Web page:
Slideshow: Neon Trees at Revolution Live
with 21 Pilots and Walk the Moon
Revolution Live, Fort Lauderdale
Better than: Spending the night reading Nylon Magazine
Hailing from Provo, Utah, Neon Trees are quite possibly one of the most infectious acts of 2012. Two years ago, the band caught some serious attention from the music industry following hype surrounding the breakout single, "Animal." With the release of its brand new album Picture Show, Neon Trees are showing no signs of slowing down any time soon.
On Friday night, the band brought its addictive power pop sound to a sold out crowd at Revolution Live in Fort Lauderdale.
Opening the set with the instrumental intro, the heavy "Moving in the Dark," seamlessly brought up the energy in the room. In an instant, the audience went from being stagnant to overdrive. It was pure insanity. The mere sight of singer and keyboardist Tyler Glenn appearing from the dark got the packed room screaming and shouting.
Sporting a bleached out Billy Idol look, dressed in tight leather pants, shimmering Doc Martens, and a studded blazer, frontman Glenn is a fireball. He's an onstage force not to be reckoned with. It's clear that Glenn was born to play the role of glam rocker, evoking the feel of early Bowie mixed with a hint of Freddy Mercury and Michael Jackson. Backed by bassist Branden Campbell, guitarist Chris Allen, and fill-in
drummer John Buckner -- Elaine Bradley is on maternity leave -- the quartet has a way of paying homage to the '80s without coming off like a cheesy prom band.
"I'm happy to be alive tonight Fort Lauderdale!" screamed Glenn. "Are
you ready to have a very hot and very sweaty good time? If you're not,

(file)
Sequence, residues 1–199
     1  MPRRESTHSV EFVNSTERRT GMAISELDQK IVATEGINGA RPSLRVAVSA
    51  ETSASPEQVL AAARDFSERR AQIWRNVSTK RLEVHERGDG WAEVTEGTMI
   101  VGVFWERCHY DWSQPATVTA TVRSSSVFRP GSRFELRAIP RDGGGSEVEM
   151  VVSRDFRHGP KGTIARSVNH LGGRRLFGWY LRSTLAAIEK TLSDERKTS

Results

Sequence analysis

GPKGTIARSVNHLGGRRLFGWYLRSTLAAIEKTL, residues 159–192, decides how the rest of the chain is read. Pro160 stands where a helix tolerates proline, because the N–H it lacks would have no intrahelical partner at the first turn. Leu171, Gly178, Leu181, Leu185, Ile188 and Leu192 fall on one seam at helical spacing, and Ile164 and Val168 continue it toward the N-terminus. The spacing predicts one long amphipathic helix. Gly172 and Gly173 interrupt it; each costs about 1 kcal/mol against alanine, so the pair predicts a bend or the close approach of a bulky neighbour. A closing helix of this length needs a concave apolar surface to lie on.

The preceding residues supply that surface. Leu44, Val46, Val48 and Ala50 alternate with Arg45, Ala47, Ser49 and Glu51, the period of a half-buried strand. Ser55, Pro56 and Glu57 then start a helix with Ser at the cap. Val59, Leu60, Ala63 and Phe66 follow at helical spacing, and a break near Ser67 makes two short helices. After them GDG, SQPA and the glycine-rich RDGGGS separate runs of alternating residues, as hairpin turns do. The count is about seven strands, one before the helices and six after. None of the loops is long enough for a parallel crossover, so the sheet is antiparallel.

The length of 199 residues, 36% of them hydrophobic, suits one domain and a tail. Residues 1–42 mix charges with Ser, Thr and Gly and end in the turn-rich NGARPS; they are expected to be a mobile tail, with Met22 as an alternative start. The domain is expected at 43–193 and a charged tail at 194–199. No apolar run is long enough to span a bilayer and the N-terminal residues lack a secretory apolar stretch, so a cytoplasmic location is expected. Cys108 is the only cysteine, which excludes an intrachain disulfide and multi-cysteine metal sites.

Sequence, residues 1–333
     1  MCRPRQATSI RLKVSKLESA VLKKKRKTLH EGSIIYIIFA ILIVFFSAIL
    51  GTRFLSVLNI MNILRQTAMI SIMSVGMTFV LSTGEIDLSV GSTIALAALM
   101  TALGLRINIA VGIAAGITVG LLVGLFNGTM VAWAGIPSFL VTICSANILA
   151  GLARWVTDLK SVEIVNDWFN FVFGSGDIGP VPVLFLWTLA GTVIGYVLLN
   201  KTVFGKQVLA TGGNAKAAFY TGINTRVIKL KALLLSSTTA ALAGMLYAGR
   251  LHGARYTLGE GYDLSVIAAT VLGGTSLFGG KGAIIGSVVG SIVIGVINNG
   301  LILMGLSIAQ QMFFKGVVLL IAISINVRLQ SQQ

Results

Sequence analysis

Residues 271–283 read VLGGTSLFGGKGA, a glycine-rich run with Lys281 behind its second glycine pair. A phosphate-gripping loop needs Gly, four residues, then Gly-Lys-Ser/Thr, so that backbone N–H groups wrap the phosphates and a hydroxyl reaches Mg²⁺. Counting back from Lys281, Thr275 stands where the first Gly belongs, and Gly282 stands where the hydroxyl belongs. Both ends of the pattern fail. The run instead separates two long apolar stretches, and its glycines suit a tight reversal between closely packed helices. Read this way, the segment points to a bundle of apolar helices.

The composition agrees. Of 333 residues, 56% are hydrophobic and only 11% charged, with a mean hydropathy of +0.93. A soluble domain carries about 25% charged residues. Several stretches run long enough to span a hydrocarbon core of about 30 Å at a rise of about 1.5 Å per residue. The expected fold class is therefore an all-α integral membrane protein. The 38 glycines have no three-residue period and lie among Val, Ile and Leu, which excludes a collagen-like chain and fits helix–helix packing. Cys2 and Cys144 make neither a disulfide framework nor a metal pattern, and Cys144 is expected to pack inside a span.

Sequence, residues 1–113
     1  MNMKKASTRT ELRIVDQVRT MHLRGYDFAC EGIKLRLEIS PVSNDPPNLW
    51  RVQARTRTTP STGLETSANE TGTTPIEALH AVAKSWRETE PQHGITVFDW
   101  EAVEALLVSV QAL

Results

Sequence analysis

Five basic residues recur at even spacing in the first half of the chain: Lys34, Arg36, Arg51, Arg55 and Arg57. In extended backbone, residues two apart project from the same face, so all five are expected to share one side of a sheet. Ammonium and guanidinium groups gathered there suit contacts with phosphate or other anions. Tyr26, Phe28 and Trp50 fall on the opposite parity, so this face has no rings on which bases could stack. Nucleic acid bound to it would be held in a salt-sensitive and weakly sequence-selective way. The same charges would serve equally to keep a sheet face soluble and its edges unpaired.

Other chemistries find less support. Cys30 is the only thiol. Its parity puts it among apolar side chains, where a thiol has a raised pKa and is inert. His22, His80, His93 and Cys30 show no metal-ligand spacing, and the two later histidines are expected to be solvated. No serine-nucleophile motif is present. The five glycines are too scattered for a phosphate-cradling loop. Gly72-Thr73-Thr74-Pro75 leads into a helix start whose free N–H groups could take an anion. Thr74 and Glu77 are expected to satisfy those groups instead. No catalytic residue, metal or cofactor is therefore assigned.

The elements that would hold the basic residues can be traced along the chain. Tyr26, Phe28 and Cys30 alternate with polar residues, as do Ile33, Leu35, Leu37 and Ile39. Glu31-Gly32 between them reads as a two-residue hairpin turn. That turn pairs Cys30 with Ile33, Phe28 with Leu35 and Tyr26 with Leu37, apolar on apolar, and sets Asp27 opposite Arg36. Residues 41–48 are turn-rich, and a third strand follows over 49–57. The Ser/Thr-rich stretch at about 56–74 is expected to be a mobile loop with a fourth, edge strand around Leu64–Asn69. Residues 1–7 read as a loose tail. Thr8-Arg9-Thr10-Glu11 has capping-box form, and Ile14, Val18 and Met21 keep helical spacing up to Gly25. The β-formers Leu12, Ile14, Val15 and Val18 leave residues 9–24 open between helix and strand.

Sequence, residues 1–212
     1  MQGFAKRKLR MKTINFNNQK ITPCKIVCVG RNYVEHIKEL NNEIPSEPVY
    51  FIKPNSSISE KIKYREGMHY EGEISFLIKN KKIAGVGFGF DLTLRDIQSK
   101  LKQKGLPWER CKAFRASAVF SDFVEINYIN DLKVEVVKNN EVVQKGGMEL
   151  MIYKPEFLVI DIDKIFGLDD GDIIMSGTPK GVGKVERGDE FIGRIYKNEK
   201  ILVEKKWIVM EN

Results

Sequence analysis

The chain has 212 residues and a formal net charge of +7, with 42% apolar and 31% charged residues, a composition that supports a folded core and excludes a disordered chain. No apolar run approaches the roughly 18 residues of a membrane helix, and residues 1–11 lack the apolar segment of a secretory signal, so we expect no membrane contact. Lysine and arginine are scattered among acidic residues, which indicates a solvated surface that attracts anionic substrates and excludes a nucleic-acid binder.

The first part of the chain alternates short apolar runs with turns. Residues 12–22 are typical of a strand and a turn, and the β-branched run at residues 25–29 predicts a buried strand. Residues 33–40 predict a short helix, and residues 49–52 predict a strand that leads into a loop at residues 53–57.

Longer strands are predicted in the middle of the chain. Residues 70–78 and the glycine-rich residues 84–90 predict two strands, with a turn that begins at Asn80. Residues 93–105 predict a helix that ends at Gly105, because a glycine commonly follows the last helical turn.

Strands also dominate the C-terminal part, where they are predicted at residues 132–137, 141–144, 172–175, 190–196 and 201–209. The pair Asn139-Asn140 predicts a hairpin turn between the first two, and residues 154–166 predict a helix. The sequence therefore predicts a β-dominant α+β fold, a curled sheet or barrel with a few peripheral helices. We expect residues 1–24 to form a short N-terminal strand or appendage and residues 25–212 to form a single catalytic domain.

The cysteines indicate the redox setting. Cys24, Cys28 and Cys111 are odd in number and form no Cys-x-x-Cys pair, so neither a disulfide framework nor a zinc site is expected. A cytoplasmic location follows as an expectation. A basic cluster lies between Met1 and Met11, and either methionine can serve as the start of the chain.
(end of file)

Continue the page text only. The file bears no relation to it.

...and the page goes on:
From the looks on the crowd's faces, and their already sweat soaked clothing, nobody was going nowhere. As the band ripped through a rendition of its anthemic track "1983," the people were high on the drug of Neon Trees with no intention of kicking their addiction. The slender singer gyrated his hips like Elvis to the beat, swinging his neon yellow microphone around like a helicopter. The crowd was wild when he crouched over them during the many call and response style sing-a-longs. Their songs are catchy as fuck, and provides for contagious participation from the concert-goers.
But, despite the band's rock star style and upbeat dance-y sound, the Neon Trees music is packed full of themes that touch on struggling with one's identity. The song "Teenage Sounds" laments modern day society's desire to seek out fame, while "Sins of my Youth" deals with personal insecurities. Rotating tracks from both Picture Show and Habits, the band delivered a fast-spaced set, never skipping a beat or having a dull moment. From the first note to the climax of "Animal," and the encore that featured new single, "Everybody Talks," the dynamic energy was constant. Diehard fan or casual listener, there is no doubt that everyone in attendance woke up the next morning with at least one song stuck on repeat in their head.
The Crowd: A girl with the most glorious hot pink and yellow double mohawk, a ton of tweenagers toting glow sticks, and lots of folks adorned in face paint.
Pet Peeve: I've said it before, and I'll say it again, put your damn cellphones away. Learn to be in the moment and experience the concert. Nobody cares about the half-assed iPhone video that you're going to upload to YouTube. And if you want a photo to prove to Instagram that you're at the show, take a few and then enjoy the show. I promise you don't need an entire video or 20 plus photos.
Personal Bias: Singer Tyler Glenn has flawless style, and I love him for it.
Random Thought: I wish Neon Trees emerged during the days of electroclash. I'd like to see a collaboration between them and Peaches.
Moving in the Dark
Sins of my Youth
Lessons in Love
Love and Affection
In the Next Room
I am the DJ
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